[LEAPSECS] Crunching Bulletin B numbers (POSIX time)
igb at batten.eu.org
Sun Feb 20 20:26:46 EST 2011
On 19 Feb 2011, at 23:57, Paul Sheer wrote:
> It is not only about being soooo isolated, but also about not being
> able to download the leap second table for any reason whatsoever.
Suppose the leapseconds were guaranteed to be announced 12 months in advance. Anything that can't perform an update, either manually or automatically, for that period but which also expects to maintain a clock to a precision better than 1s/18mo is hard to imagine. Do you have a case in mind?
> The conversion from 1298159105 to and from "2011-02-19 23:45:05" on
> Posix is currently not inclusive of leap seconds: you just do division
> by 86400.
And you can do that without leapseconds to a precision of 1s/18mo, which aside from bizarre fantasies of machines hooked to Caesium/Rubidium clocks but unable to perform one bit/18mo of I/O to the outside world is better than the precision of the clocks anyway.
> A proper api includes leap seconds. hence the conversion depends on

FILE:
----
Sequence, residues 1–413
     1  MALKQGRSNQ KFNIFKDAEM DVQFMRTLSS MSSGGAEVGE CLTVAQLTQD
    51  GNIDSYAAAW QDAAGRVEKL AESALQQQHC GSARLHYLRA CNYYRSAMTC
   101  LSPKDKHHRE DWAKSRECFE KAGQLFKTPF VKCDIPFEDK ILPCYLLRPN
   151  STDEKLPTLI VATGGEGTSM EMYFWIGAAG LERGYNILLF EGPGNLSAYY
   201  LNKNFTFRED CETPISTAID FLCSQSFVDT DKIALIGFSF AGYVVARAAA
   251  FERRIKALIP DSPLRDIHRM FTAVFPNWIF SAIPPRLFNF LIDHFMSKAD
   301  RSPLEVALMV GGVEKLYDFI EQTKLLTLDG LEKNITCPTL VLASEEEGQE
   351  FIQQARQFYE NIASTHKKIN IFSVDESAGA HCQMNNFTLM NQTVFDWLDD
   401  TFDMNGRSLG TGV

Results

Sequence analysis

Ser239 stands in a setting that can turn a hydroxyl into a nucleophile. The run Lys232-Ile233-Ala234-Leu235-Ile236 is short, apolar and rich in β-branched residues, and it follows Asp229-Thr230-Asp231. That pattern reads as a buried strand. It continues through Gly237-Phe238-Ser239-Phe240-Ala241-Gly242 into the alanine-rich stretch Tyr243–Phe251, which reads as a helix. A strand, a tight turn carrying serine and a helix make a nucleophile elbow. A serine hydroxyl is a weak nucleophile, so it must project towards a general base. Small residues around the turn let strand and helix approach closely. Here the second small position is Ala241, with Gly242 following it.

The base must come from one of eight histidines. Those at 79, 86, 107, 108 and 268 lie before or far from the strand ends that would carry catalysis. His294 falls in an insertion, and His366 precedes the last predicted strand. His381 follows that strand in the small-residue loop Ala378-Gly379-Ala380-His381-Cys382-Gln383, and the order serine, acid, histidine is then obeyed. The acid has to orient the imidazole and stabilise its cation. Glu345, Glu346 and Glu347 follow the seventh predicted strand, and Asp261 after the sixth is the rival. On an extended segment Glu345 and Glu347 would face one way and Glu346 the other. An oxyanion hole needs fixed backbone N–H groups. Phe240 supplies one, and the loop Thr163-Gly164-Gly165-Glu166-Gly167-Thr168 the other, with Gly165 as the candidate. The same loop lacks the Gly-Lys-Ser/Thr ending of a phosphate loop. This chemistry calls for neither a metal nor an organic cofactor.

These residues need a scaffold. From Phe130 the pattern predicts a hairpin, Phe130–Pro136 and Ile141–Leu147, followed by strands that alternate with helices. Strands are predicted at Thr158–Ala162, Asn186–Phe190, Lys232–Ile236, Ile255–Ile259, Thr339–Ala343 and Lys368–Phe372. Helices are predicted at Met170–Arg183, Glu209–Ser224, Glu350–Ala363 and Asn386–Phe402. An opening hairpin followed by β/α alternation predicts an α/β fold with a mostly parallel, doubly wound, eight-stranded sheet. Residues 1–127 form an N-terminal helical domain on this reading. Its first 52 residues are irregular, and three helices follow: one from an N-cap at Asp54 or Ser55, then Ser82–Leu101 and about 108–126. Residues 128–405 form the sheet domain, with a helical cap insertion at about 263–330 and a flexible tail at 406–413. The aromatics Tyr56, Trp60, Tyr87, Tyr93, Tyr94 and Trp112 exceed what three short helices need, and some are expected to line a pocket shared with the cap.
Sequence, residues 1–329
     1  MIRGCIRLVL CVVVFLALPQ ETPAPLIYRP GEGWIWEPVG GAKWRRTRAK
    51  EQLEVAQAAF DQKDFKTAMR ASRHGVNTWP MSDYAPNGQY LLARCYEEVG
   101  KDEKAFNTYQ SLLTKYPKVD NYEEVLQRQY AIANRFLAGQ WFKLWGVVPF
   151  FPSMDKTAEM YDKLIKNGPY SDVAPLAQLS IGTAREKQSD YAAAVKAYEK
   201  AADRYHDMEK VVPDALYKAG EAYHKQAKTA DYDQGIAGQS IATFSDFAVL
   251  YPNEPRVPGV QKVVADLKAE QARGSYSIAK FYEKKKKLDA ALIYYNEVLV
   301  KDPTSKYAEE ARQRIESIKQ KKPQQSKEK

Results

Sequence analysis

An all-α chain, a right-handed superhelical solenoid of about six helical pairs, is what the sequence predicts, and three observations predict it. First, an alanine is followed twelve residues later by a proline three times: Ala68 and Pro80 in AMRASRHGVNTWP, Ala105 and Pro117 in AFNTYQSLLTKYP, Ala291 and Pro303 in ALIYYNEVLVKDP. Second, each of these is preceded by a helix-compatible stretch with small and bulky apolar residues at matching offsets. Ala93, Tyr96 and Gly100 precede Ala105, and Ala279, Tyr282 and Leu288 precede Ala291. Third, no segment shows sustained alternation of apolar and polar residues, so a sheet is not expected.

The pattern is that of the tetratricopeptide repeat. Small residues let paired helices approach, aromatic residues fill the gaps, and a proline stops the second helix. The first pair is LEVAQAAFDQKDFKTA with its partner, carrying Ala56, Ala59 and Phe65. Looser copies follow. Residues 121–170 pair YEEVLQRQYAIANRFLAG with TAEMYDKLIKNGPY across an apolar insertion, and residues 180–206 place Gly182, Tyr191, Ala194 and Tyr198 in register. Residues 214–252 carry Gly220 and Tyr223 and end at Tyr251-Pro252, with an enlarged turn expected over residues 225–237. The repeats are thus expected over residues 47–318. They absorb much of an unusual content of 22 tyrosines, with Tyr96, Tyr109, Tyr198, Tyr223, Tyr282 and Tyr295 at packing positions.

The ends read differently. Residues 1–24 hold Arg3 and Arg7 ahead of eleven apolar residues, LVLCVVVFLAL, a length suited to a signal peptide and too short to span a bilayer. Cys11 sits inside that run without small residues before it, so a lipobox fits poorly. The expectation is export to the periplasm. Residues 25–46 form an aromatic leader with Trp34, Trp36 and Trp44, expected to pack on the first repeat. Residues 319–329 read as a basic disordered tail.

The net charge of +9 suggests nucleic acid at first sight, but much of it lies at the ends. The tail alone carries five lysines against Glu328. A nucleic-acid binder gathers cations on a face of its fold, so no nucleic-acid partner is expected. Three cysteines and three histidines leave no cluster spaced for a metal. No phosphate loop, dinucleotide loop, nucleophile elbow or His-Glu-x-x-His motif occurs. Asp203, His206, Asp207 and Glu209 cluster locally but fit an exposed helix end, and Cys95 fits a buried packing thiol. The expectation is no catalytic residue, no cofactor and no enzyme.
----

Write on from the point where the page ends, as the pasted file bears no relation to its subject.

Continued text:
> what's in your leap second table. "2011-02-19 23:45:05" is really
> 1298159129 in the Olson library.
So what? If you ignore leap seconds in your isolated/cut-off example, one consequence will be that an increasing window of seconds immediately before midnight UTC will be "wrongly" reported as being in the following day, because the local clock will have gained against UTC. But so what? It'll report 00:00:03 Monday when it's "really" 23:59:57 Sunday --- why is this small number of seconds any more important than any other small number of seconds error? I'm still not grasping the use-case for a precision clock that doesn't do I/O with the outside world.
> The unix world is replete with software that converts both to and
> from ascii timestamps.
> for example, the conversion function should *behave* *consistently*
> regardless of your network suddenly becoming unplugged and your not
> being able to get the latest leap second table.
It can't do that and also tick any timescale which is related to solar time.
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